12 For youth who are enrolled in a MassHealth-managed care plan, please call: Boston Medical Center (BMC) HealthNet Plan TTY: or Fallon Community Health Plan TTY: Health New England (HNE) or TTY: Neighborhood Health Plan TTY: Network Health TTY: Primary Care Clinician (PCC) Plan TTY: Massachusetts Behavioral Health Partnership TTY: or Beacon Health Strategies TTY:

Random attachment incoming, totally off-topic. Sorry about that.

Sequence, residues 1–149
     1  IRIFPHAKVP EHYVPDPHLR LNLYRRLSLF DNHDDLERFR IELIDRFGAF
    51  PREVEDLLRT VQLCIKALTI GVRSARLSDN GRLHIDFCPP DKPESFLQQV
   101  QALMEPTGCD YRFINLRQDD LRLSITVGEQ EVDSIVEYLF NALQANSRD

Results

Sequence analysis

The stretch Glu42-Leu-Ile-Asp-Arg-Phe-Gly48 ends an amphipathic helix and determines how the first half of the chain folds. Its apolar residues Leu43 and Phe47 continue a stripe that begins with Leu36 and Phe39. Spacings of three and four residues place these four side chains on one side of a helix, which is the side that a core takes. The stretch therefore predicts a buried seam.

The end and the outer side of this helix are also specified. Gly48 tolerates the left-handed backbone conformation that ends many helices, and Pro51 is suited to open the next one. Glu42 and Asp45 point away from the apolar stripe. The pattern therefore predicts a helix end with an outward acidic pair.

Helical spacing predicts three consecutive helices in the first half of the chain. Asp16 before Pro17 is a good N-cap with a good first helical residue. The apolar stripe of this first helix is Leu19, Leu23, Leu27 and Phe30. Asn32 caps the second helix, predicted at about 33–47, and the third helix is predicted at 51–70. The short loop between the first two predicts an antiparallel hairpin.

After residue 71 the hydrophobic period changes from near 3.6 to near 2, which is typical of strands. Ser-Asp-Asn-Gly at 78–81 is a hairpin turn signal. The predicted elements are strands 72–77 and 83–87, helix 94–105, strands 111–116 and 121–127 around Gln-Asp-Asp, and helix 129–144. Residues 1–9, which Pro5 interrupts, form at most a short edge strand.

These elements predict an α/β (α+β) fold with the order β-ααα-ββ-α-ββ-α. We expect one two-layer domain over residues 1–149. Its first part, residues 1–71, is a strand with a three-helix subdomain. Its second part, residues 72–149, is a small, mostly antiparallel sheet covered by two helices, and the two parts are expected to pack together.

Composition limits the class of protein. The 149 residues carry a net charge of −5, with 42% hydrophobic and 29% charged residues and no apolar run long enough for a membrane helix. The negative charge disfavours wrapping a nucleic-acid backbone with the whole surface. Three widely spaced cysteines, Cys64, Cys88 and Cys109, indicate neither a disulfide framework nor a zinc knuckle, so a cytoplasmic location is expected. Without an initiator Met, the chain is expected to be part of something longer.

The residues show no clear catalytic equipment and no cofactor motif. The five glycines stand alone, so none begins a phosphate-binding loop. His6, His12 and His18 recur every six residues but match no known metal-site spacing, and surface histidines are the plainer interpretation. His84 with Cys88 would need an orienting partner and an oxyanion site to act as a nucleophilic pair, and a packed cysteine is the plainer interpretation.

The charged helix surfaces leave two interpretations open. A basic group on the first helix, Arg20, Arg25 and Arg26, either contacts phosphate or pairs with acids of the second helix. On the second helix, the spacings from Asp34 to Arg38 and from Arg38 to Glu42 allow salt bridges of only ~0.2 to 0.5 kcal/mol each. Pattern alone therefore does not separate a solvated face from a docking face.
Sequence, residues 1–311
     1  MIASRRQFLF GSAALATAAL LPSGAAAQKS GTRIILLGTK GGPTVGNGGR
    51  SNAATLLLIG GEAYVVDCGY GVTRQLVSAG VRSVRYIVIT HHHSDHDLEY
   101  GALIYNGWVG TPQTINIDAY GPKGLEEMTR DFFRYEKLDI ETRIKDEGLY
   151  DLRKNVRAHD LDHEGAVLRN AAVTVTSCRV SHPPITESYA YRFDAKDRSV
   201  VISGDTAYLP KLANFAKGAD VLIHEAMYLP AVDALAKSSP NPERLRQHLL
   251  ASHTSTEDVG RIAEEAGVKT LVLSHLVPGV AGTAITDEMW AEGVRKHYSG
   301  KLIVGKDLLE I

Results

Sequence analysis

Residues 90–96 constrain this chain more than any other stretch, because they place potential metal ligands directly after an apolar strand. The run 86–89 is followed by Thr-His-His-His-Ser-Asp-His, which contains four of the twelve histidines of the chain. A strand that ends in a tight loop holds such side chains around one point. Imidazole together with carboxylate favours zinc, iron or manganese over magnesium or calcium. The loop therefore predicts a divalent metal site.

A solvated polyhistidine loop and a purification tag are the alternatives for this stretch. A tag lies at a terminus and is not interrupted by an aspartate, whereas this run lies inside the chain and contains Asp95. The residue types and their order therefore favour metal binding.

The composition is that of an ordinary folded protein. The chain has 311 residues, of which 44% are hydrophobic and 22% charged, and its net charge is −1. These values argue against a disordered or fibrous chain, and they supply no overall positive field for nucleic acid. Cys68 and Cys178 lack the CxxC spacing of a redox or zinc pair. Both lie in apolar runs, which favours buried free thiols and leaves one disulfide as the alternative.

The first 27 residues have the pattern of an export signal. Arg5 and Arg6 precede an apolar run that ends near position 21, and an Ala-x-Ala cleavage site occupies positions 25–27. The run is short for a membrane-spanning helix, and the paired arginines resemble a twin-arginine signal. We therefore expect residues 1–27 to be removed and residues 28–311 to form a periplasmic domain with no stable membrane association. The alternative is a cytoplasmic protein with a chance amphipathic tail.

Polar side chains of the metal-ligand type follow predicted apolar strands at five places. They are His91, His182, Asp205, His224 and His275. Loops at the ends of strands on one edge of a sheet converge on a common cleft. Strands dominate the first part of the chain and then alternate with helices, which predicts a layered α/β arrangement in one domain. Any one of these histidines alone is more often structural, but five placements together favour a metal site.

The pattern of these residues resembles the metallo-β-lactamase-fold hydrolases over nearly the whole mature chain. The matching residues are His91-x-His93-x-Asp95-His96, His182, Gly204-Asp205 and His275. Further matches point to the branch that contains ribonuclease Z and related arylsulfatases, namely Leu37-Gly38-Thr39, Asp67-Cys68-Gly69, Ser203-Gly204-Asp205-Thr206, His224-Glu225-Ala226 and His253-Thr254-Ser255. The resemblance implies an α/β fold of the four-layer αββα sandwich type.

13 Protocols for Accessing MassHealth Home- and Community-Based Behavioral Health Services MRC s Strategic Interest in Helping Families Access Behavioral Health Services The (MRC) assists individuals with disabilities to live and work independently. MRC is responsible for Vocational Rehabilitation Services, Community Services, and eligibility determination for the Social Security Disability Insurance (SSDI) and Supplemental Security Income (SSI) federal benefits programs for Massachusetts citizens with disabilities. MRC serves people with all types of disabilities except those who are blind. MRC provides comprehensive services to people with disabilities that will maximize their quality of life and economic self-sufficiency in the community. This is accomplished with multiple programs, including our Public Vocational Rehabilitation Program through which people with disabilities might receive the following services: eligibility determination, vocational evaluation and assessments, vocational counseling and guidance, skills training or education assistance, on-the-job training, job-placement services, job coaching, and post-placement services. Young adults between the ages of whom the MRC serves may be eligible for MassHealth s expanded and improved behavioral health services. These services can further MRC s mission to maximize the quality of life for young adults with behavioral health needs. 1. Eligibility for MassHealth Behavioral Health Services If a youth (under age 21) is enrolled in MassHealth Standard or CommonHealth, covered services include the new MassHealth behavioral health services, if the service is medically necessary, as well as all other MassHealth-covered behavioral health services. (Generally about 85 percent of all youth enrolled in MassHealth have Standard or CommonHealth, although enrollment statistics vary over time.) If a youth has MassHealth Family Assistance, Basic or Essential coverage types, the youth is eligible for Mobile Crisis Intervention and In-Home Therapy, as well as many other MassHealth Behavioral Health services. The other new MassHealth behavioral health services, such as Intensive Care Coordination, are not covered services. If a youth has Medicare AND is enrolled in MassHealth Standard or CommonHealth, he or she will be enrolled in the Massachusetts Behavioral Health Partnership for his or her MassHealth Behavioral Health benefit and will be able to access all new and existing MassHealth Behavioral Health Services. If a youth eligible for Mass Rehab services is not enrolled in MassHealth Standard or CommonHealth, he or she may be eligible for CommonHealth, a MassHealth program for people with disabilities. There is no income limit for 13